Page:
Pixel Envy

Written by Nick Heer.

DisplayMate’s Review of the Samsung Galaxy S8’s Display

Dr. Raymond Soneira:

The Galaxy S8 is the first in a new generation of OLED Smartphones that have a Full Screen Display design. It is the most innovative and high performance Smartphone display that we have ever lab tested, earning DisplayMate’s highest ever A+ grade.

The display may be just one component in a smartphone, but it’s arguably the one many users will notice most. And virtually every statistic in Soneira’s review backs up his claim that this is the best display that has ever shipped in a smartphone.

However, on colour accuracy:

One very important capability of the Galaxy Smartphones that is often overlooked by many consumers and reviewers, is the set of user selectable Screen Modes that are available under Display Settings, which we cover and measure each one in detail below.

[…]

In order to see the high Color Accuracy, the Display Setting for the Screen Mode needs to match the Color Gamut for the content that is being viewed. All of the reviewers that continue to rant about the poor Color Accuracy of the Galaxy OLED displays have failed to set the proper Screen Mode for their content, which is very accurate as shown in our extensive Lab Measurements and Viewing Tests.

This is preposterous. Colour management is hard — that’s why Craig Hockenberry had to write a book about it. Leaving it up to typical users to recognize when they should enable Adobe RGB instead of sRGB is an idiotic move, and for Soneira to consider this a feature rather than a bug truly shows the contrast between his level of expertise and what users actually want.

One of the four Screen Modes available on the S8 is called Adaptive Display:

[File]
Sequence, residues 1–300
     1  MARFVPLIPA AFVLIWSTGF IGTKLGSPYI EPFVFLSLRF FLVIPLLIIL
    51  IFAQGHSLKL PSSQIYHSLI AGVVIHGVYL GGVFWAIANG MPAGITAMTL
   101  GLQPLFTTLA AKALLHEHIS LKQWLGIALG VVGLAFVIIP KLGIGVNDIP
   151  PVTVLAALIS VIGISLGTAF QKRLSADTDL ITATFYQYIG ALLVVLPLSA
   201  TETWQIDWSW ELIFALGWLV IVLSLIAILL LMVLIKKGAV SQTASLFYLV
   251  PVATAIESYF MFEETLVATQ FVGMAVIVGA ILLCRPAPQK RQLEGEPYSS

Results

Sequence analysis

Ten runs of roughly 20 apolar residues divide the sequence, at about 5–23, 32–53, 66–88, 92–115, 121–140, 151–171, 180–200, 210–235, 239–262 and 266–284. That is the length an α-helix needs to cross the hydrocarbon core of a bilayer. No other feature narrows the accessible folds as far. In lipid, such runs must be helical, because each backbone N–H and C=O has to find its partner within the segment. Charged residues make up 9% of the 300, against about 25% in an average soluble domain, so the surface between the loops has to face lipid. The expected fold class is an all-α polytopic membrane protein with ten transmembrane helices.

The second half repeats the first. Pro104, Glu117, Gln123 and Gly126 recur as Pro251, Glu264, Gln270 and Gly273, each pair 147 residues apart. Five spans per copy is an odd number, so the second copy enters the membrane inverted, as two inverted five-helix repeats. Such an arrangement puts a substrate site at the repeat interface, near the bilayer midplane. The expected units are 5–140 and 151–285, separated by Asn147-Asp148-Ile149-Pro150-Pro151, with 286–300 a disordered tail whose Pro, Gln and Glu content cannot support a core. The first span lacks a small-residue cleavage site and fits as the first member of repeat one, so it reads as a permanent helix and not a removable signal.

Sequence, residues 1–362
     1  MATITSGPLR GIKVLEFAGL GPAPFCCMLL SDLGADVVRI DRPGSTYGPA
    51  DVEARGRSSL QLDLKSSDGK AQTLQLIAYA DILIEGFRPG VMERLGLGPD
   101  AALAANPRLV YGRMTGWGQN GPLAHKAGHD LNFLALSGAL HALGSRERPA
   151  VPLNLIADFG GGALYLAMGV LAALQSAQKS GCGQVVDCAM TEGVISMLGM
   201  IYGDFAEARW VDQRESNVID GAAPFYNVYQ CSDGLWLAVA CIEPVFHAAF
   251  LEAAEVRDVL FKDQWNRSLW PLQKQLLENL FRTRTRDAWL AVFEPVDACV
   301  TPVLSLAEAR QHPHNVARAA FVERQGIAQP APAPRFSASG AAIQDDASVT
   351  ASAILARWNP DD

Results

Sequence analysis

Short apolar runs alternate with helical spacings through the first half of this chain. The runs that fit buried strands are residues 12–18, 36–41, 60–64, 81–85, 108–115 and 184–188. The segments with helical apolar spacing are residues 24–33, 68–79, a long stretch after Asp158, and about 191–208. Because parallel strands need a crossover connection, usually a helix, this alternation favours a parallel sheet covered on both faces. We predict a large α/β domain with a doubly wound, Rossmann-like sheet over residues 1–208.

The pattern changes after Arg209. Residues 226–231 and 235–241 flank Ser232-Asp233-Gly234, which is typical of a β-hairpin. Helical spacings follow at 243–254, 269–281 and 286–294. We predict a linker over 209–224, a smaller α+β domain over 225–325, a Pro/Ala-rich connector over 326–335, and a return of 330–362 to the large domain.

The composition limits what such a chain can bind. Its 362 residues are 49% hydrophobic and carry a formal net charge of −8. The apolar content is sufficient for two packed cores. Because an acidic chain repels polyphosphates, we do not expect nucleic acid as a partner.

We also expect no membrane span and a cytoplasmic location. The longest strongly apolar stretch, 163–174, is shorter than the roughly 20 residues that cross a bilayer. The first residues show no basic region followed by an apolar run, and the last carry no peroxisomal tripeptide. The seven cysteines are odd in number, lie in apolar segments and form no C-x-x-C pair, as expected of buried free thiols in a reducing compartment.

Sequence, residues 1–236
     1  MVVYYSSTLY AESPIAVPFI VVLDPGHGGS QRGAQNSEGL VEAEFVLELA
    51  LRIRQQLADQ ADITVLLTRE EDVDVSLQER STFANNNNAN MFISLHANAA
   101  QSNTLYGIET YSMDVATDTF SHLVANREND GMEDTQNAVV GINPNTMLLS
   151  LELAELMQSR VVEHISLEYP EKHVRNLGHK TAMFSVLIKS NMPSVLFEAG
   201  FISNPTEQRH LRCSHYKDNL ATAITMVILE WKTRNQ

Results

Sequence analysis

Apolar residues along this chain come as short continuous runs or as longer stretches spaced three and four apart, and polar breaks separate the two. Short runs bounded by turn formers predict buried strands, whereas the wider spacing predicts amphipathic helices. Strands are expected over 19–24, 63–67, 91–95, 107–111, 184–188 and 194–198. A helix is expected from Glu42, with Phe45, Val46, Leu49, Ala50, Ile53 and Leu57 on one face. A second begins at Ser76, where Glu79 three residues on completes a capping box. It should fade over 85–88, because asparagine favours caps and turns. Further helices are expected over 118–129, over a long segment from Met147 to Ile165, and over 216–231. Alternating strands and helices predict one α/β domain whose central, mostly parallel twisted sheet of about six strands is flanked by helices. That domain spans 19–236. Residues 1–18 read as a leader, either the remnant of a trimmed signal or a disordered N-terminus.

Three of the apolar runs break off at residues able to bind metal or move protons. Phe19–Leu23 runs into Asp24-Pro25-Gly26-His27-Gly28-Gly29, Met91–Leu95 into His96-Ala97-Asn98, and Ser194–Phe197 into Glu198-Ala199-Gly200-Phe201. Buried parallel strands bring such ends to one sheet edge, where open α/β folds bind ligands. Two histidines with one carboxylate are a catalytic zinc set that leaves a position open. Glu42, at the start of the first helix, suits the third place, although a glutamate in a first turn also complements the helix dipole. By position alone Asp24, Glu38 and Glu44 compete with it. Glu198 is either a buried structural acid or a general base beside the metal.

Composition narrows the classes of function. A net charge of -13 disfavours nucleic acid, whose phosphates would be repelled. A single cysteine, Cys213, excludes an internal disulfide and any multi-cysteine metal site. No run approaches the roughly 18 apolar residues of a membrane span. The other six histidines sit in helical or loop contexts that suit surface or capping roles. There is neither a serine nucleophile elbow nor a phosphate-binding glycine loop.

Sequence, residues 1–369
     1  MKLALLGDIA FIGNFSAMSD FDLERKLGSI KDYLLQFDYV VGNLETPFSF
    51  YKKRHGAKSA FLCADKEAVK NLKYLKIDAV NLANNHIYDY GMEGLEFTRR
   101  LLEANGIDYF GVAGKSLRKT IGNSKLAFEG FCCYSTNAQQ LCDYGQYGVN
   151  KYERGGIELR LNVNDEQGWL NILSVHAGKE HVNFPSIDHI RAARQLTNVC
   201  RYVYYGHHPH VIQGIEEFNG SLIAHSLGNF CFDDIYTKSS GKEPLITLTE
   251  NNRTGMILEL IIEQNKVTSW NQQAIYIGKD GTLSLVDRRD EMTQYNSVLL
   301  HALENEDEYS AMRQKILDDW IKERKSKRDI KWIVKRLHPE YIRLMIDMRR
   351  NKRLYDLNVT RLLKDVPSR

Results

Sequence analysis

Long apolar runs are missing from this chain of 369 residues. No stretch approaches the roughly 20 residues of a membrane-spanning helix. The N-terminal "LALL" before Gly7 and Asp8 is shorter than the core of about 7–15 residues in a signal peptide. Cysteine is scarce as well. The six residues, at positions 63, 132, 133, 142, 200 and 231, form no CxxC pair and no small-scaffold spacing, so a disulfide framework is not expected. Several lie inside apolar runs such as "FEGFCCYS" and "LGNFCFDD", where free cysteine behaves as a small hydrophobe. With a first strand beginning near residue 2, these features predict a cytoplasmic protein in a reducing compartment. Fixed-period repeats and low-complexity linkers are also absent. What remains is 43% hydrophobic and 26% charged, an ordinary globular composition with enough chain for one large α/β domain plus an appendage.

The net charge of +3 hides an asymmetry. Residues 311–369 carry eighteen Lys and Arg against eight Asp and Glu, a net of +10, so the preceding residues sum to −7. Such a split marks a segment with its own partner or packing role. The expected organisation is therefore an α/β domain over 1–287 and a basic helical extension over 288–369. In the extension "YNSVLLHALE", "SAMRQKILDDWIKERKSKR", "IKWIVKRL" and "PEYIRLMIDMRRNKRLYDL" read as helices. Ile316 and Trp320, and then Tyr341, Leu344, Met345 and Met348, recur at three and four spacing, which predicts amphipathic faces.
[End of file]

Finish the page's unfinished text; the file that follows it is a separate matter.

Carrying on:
The Adaptive Display screen mode provides real-time Adaptive processing that can dynamically adjust images and videos. For some applications it will vary the White Point, Color Gamut, and Color Saturation based on the image content and the color of the surrounding ambient lighting measured by the Ambient Light Sensor (which measures color in addition to brightness).

The other Screen Modes tested by DisplayMate indicated very high colour accuracy, comparable with the displays in the iPhones 6 (but not the 7). Adaptive Display mode, on the other hand, was extremely inaccurate in DisplayMate’s testing because of its egregiously over-saturated colours.

Emphasis mine:

Select the Adaptive Display screen mode using Display Settings – it is the factory default screen mode for the Galaxy S8.

Samsung created a display that can very accurately display the P3 wide colour gamut, yet they chose to set the default to the least-accurate colour profile. Most users won’t change this, just as most people don’t change their wildly over-saturated default TV setting.

I have no doubt that the display component in the Samsung Galaxy S8 is one of the best smartphone displays to have ever shipped. But a display cannot really be separated from the smartphone it’s shipped in. If most customers are likely going to keep its default colour gamut setting, can it really be called the “most innovative and high performance smartphone display”, or receive DisplayMate’s highest-ever grade with honesty? Even if the display can be considered separate of the product, does it really matter that it’s so advanced if few people will ever get to see its true colours?